How to Find, Identify and Cook Fiddleheads

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fiddleheads

Take a look around your local farmers market or health food store this time of year and you might find some strange looking, green quarter-sized, coiled vegetables known as fiddleheads.  They’re named for their resemblance to the ornamental ends of fiddles and other stringed instruments. 

But don’t blink.  Because before you can say “fiddleheads” they’re gone!   And that’s why I’m writing this blog now.  Because NOW is the time to get them!

What are fiddleheads?

Fiddleheads are ferns before they become ferns.  They are the furled up stage of a fern when they just start to shoot through the ground in spring.  As they emerge through the fertile, wet April soil, they grown and unfurl quickly, sometimes lasting just a few days in their furled up stage.

Though all ferns have a fiddlehead stage, it’s the Ostrich fern, a specific edible species, that has become synonymous with the word “fiddlehead.”  Their taste is often described somewhere between asparagus, broccoli and spinach.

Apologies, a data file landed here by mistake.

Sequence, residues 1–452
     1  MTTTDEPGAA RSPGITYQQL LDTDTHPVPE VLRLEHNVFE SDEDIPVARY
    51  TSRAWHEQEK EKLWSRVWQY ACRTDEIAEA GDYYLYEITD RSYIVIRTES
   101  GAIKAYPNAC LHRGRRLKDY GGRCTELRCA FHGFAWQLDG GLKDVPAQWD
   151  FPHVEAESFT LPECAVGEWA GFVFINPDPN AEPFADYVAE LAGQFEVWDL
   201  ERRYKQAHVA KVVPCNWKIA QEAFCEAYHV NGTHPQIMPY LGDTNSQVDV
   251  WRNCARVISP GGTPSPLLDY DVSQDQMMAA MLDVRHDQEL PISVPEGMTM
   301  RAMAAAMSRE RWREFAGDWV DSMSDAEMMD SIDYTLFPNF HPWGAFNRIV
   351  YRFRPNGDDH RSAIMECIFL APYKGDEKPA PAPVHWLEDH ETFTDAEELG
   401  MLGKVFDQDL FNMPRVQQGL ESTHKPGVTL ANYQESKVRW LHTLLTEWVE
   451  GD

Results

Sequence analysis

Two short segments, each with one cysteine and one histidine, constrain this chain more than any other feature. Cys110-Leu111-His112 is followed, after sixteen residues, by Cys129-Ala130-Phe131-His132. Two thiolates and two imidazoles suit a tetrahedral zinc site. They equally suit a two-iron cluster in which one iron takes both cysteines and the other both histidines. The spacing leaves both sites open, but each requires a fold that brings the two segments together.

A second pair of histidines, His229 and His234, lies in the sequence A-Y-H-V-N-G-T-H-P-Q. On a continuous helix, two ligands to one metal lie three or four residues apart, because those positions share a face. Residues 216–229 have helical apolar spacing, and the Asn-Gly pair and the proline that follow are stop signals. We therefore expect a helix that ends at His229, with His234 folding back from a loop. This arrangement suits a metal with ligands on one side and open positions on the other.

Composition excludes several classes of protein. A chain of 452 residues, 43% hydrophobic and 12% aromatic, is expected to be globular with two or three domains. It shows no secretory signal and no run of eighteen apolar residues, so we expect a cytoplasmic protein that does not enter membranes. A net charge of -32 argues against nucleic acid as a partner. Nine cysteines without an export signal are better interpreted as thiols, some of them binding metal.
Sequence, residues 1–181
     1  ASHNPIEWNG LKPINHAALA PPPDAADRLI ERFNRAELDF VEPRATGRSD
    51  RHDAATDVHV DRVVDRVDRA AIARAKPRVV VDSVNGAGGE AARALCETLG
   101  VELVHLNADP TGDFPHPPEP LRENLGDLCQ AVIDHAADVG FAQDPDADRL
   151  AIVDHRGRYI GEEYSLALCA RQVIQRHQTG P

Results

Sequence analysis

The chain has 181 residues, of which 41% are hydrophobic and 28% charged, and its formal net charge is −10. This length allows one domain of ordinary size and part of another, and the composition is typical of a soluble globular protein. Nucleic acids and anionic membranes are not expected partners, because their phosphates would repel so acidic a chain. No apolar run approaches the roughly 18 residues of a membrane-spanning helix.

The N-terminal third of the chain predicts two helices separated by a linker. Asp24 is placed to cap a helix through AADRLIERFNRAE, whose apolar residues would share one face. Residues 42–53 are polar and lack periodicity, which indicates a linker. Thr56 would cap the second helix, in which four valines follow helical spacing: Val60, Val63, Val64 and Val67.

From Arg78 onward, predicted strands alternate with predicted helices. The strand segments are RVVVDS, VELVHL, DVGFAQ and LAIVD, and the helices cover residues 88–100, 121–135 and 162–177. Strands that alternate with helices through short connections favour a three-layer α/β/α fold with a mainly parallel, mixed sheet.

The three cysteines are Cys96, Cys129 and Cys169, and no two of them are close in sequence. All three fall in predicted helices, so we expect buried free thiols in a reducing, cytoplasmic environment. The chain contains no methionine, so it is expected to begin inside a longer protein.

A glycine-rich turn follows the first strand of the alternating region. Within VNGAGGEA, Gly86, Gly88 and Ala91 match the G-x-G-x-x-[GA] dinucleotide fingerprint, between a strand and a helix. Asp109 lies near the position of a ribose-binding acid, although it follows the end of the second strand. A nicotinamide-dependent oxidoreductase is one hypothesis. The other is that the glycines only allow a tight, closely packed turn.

Because these fiddleheads appear for such a brief period in early spring and can only be foraged by individuals, they are considered a delicacy and can be quite pricey.   I’ve heard of some specialty stores selling them for $20 a pound! 

But you can harvest them yourself for free!  You just have to know where to look. 

And that’s what makes fiddleheads so special. 

Where do I find fiddleheads?

Fiddleheads grow prolifically throughout New England and eastern parts of Canada.  But unlike many wild edibles that grow seemingly everywhere, like dandelions, fiddleheads grow in wild and wet areas.  And that’s why I love searching for them.  They’re more apt to take you a bit off the beaten path into Nature, along the edges of rivers, stream banks and swampy areas.